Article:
Even on a crowded day, that’s still the way to go.
Tomahawk marks the resort’s southeastern boundary. It definitely draws a crowd but is wide enough it can handle that attention. Plus, there are four runs that break off from Tomahawk — Pup, Cub, Buckshot and Ramrod. Leave those to siphon others away and stick with Tomahawk. By the bottom half of the run, the crowds will have thinned substantially.
Be sure to bear left, too, and ride into the Baby Powder area, on the extreme southeast edge of the ski area and Tomahawk. It’s technically a separate run on the trail map even if it looks more like “wide spot on the trail” in person. Either way, it’s often forgotten.
“No adults go over there. They think it’s all for kids,” said Billy Kidd, Steamboat’s director of skiing. “If you’ve never skied powder before or are not that good in it and want bragging rights in the bar at night, go over there and take a run or two. You can go straight down, wave your poles and go, ‘Yaa hoo!’”
Flintlock, which runs roughly parallel to Tomahawk, can also be overlooked.
Avoid: Buddy’s Run is a great intermediate run off the top of the Storm Peak Express. It’s also the easiest intermediate run to access from that point, so it gets a lot of traffic — a whole lot of traffic.
If you’re comfortable riding anywhere on the mountain, a busy day is a great time to get comfortable riding the pony, or rather the Pony Express chairlift.
Pony sits down and behind Storm Peak Express. Many simply won’t ride by Storm Peak, plus there’s no beginner and little intermediate terrain at the top of Pony, so there’s rarely a line and little competition.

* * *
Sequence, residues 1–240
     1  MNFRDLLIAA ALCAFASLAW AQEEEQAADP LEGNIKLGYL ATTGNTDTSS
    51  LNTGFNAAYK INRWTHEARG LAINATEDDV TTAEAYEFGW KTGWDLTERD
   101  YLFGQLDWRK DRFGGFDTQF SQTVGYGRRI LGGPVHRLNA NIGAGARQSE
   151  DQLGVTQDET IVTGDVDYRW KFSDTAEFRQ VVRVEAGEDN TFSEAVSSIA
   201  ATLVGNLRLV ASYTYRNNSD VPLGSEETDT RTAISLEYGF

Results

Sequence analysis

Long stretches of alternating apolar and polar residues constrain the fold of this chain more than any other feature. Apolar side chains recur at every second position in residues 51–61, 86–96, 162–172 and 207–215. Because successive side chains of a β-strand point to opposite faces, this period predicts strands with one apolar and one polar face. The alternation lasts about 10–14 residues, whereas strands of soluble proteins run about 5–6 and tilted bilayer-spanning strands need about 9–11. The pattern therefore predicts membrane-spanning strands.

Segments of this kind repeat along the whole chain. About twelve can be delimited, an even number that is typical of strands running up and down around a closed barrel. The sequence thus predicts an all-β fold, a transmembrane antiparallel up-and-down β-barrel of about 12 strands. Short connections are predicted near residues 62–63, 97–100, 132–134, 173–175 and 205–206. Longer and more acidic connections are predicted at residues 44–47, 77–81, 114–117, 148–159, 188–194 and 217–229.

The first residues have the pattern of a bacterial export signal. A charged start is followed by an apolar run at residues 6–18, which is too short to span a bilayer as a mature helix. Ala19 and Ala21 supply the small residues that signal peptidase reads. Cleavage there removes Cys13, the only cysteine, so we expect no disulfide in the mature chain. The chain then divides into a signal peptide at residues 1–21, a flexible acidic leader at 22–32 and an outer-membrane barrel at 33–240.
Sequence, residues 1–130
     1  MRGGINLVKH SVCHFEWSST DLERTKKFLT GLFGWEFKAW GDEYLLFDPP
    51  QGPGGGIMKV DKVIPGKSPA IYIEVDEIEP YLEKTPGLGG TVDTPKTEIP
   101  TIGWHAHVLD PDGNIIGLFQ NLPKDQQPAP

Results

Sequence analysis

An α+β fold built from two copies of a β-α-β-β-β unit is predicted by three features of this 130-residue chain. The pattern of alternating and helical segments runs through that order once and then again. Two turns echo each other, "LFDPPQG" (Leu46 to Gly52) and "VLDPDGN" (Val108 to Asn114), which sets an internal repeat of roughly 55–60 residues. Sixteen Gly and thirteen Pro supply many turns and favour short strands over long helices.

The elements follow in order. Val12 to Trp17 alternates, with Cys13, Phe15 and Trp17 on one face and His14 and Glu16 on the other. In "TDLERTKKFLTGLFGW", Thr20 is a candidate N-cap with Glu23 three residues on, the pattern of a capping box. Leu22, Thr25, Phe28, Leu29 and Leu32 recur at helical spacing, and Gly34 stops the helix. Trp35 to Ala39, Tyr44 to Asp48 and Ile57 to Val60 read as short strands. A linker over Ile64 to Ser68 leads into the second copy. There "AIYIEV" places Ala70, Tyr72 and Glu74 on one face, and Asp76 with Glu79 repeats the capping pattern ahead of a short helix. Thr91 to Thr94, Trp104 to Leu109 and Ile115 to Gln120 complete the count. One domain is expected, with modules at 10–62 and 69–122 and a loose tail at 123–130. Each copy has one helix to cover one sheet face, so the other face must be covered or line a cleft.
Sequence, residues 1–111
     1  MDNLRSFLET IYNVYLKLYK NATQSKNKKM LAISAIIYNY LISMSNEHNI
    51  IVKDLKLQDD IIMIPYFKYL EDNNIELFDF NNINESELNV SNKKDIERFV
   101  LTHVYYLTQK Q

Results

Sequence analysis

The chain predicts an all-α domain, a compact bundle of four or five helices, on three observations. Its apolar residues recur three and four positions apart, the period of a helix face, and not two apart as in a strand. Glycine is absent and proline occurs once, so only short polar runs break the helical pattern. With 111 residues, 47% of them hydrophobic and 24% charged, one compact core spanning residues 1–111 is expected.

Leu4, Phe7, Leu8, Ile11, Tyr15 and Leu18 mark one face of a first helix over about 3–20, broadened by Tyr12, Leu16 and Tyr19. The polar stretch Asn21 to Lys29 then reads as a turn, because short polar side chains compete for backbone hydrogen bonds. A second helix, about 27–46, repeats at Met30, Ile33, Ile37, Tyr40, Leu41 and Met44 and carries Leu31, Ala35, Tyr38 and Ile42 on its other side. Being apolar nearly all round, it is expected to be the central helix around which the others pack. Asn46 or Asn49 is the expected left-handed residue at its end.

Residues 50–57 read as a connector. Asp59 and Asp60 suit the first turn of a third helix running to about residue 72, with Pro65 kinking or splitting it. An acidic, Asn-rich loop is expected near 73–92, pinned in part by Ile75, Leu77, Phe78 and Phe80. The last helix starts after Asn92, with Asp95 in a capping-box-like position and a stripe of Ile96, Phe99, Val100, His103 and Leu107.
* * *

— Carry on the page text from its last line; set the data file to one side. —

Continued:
“Pony gets overlooked, and even more, skier’s right up there, where Royal Flush and Middle Rib are, gets overlooked,” Cox said.
You have to do a little work to get to Royal Flush and Middle Rib, some walking for snowboarders and using the poles for skiers. But that just means the weak will turn around.
Another expert run some forget is Lower Valley View, below the Christie Peak Express lift. The masses tend to opt for either Vogue or See Me as their preferred route to the bottom of the mountain. Lower Valley View — which doesn’t connect with Upper Valley View — is almost hidden to skier’s left of the top of the Christie Peak lift. There’s a long flat section at the top, but a great, steep and often groomed pitch beyond that.
Avoid: Shadows and Closets, expert runs filled with trees, are two of the runs that make Steamboat Springs such an iconic place to ski. Save them for a less crowded day.
Lifts to hit
In addition to Pony Express, the Bar U-E chairlift is often underutilized. It’s slow, but it’s a great way to get another lap on that side of the mountain without having to go all the way down to Storm Peak Express, which can get a line on busy days.
The Four Points lift is also often a quicker way to (nearly) the top if Storm Peak Express has drawn a crowd.
Heavenly Daze may be the most popular way down the ski mountain, but it may not be the best on a busy day. It can get very crowded and skied out by the afternoon. Try Vagabond, which also drops toward the base from the top of the gondola, or Concentration, an expert run in the same area.
Or, you don’t have to ski or snowboard down at all. You can ride the gondola down. It’s better to get off the mountain that way than ride down on exhausted legs, which could lead to an accident.